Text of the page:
But then, in 2021, the World Economic Forum – an assembly of wealthy elites that’s become an easy target of conspiracy theorists – began posting about the concept on its website. And somehow 15-minute cities became conflated with a newly announced initiative in Oxford to limit private cars on certain streets, and use congestion tolls to reduce traffic jams that were holding up city buses and ambulances.

Congestion pricing also isn’t a new idea – it’s been used for years now in London, Singapore and Stockholm, with success. But a false rumour started that Oxford also had plans to set up citizen checkpoints at neighbourhood boundaries. The conspiracy theory grew in cities such as Paris, that has formally adopted the 15-minute city concept. Prof. Moreno’s vision of an accessible, climate-friendly city was now a sinister scheme to imprison the populace. One internet post he read foreshadowed electric fences.

A few scaremongering tweets and viral TikTok videos later, and, suddenly, in Edmonton, city officials such as Mr. Bohle were being flooded with angry e-mails and panicky phone calls about neighbourhood lockdowns.

One option would be to ignore this kind of talk and hope it fades away. It’s frustrating work to shake a person free of fake news once they believe it, and confronting conspiracy can get nasty fast.

But engaging in calm and nonconfrontational conversation, as Mr. Bohle chose to do, can help stop the spread of viral misinformation, according to experts.

“It’s important to give another option, and show them why it’s worth it to change perspectives,” says Luisa Heizmann, a psychologist at the German organization, Zebra, which works to reduce the spread of conspiracy theories and radicalization by counselling families and individuals. “If people get really isolated, and fall farther down the rabbit hole,” says Ms. Heizmann, “it’s more difficult to come out again.”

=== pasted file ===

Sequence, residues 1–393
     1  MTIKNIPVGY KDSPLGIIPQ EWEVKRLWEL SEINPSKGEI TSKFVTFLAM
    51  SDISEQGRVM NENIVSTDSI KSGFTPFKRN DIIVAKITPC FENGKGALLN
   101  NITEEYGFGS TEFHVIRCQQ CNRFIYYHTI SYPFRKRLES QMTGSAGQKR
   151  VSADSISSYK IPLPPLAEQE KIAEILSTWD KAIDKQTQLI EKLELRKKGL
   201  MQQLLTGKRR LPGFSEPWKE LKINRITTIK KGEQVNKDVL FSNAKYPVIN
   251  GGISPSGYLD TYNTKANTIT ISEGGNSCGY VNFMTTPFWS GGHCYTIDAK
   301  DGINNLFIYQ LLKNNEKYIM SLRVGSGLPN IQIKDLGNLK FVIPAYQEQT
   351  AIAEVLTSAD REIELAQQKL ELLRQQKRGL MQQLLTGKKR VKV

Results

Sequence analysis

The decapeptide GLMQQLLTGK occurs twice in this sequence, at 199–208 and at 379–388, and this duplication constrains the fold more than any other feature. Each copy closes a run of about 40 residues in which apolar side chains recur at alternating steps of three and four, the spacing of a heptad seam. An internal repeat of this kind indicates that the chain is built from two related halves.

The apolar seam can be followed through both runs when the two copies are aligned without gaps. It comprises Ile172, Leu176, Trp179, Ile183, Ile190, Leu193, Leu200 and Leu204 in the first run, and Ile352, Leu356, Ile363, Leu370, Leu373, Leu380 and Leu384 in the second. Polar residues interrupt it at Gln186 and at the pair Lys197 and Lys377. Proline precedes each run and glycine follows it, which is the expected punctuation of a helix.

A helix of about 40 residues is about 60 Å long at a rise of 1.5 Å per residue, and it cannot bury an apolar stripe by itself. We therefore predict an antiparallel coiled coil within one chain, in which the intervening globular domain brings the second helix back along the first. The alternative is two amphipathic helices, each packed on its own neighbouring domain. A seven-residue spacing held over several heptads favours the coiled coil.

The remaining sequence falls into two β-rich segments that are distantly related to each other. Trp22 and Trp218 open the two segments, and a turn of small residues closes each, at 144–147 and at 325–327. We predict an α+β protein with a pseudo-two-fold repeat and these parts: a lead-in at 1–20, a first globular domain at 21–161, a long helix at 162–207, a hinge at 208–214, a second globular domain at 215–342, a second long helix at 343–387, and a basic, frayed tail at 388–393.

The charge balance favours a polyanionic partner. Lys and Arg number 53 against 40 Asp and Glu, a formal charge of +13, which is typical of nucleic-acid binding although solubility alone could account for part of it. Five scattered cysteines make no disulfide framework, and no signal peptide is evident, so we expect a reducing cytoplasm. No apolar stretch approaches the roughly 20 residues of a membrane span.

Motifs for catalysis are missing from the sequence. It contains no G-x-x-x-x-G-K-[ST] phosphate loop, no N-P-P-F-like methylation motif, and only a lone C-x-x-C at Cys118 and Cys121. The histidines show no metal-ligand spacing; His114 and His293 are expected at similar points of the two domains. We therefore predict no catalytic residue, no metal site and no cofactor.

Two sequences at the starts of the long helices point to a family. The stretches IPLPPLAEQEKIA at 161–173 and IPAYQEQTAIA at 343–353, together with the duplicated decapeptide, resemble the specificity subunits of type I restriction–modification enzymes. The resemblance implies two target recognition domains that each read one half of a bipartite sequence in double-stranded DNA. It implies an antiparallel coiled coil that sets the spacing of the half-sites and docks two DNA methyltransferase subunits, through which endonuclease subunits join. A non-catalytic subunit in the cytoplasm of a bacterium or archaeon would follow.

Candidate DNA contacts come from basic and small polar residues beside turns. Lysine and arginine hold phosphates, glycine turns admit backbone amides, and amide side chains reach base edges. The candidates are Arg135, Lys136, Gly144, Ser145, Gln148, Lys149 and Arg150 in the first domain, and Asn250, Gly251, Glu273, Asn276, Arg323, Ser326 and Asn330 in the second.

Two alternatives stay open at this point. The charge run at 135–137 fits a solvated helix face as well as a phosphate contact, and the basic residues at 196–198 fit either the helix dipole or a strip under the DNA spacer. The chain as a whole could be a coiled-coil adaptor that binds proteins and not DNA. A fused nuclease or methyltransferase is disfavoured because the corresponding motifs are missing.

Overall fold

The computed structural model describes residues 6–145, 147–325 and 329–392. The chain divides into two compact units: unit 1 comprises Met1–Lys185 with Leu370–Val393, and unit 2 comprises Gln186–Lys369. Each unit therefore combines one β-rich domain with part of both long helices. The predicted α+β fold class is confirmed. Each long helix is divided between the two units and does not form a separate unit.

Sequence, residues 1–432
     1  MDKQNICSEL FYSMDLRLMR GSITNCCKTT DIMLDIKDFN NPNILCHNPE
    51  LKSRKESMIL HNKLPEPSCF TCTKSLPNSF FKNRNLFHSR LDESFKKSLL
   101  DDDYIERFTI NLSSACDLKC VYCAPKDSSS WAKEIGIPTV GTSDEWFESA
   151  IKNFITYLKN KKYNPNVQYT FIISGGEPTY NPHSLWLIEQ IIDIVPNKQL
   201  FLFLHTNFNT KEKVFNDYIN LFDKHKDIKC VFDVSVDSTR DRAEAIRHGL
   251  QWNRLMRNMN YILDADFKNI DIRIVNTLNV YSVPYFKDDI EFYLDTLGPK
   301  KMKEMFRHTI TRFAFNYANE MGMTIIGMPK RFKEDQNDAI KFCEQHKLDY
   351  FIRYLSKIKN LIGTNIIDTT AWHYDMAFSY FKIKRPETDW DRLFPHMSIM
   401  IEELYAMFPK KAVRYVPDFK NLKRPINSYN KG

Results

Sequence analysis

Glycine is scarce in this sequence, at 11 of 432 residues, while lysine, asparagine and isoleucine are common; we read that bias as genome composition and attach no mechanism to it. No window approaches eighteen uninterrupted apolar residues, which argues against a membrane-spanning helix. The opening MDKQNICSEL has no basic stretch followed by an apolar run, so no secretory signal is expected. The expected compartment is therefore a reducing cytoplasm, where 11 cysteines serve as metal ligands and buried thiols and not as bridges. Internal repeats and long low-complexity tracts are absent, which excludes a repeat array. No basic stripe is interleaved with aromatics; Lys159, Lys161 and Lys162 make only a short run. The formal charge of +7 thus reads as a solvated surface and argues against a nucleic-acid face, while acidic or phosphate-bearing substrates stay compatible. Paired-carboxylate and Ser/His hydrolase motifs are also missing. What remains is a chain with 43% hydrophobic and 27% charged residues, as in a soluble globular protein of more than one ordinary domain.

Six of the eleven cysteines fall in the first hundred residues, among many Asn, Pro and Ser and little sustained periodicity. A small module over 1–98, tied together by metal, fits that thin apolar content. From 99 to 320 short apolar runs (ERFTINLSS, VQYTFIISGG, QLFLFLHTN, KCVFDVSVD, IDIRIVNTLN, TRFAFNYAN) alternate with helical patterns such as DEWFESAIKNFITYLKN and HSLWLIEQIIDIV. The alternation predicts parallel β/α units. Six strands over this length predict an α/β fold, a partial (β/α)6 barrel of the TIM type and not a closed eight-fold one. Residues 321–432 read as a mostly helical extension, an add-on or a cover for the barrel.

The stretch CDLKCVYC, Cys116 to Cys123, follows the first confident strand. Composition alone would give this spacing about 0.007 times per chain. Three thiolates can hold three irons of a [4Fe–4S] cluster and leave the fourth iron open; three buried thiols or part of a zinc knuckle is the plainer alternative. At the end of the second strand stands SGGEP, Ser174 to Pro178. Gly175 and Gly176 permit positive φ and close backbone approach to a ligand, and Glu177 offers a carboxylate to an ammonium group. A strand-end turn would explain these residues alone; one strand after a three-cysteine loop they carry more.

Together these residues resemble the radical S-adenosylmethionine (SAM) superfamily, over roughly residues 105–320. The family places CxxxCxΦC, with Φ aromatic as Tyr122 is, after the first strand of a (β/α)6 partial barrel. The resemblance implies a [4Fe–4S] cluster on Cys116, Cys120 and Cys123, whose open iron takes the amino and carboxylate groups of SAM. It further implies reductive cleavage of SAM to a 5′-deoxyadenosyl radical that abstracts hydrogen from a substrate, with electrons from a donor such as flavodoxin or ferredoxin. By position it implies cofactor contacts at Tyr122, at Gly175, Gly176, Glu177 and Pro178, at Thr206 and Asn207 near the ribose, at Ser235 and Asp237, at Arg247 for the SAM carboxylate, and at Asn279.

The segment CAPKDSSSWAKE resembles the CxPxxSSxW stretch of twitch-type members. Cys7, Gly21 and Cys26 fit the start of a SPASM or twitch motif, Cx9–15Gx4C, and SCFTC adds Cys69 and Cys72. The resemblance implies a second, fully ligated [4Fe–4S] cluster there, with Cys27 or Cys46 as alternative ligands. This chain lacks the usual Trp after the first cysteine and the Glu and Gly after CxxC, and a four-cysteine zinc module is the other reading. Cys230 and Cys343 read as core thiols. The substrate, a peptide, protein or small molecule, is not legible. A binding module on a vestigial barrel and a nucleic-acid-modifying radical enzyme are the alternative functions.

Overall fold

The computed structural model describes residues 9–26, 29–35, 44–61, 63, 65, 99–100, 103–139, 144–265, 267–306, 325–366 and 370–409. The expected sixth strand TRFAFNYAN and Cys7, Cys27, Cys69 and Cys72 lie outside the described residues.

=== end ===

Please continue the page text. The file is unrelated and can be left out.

Ms. Posa, for one, was impressed that Mr. Bohle, who came with a colleague from his department, even showed up to her protest. “It was a hard thing to do,” she said.

This week, Edmonton city Councillor Andrew Knack, who campaigned on the 15-minute-city idea, has also been engaging on social media. (A Twitter example: What happens when you leave your “district?” Mr. Knack: “The same thing that happens if you leave your area now – nothing.”) He’s received a rather colourful call from a guy in Oklahoma, venting about plans in Edmonton. He spent half an hour on the phone with a local woman trying to understand and ease her genuine fear that municipal officials were quietly plotting to lock down the city. (The still-painful memory of pandemic restrictions looms large in this conspiracy.)

The results are mixed, Mr. Knack admits. Some thank him, others go away angry. “Talking it through,” he says, “at least makes a person feel that somebody listened to them.”

While it’s easy to dismiss a few extreme tweets, the rise of conspiracy theories erodes trust in the social contract. “I worry what happens to the idea that we can collectively build a better city,” says David Gordon, a professor of urban and regional planning at Queen’s University.

On that Friday afternoon on Whyte Avenue, Mr. Bohle says his goal was to offer some “boring planning facts” and keep the collective conversation going. As he left, people told him they weren’t entirely persuaded, Ms. Posa included; the idea of a 15-minute city still sounded suspicious. But they said so, while shaking his hand, and thanking him for coming.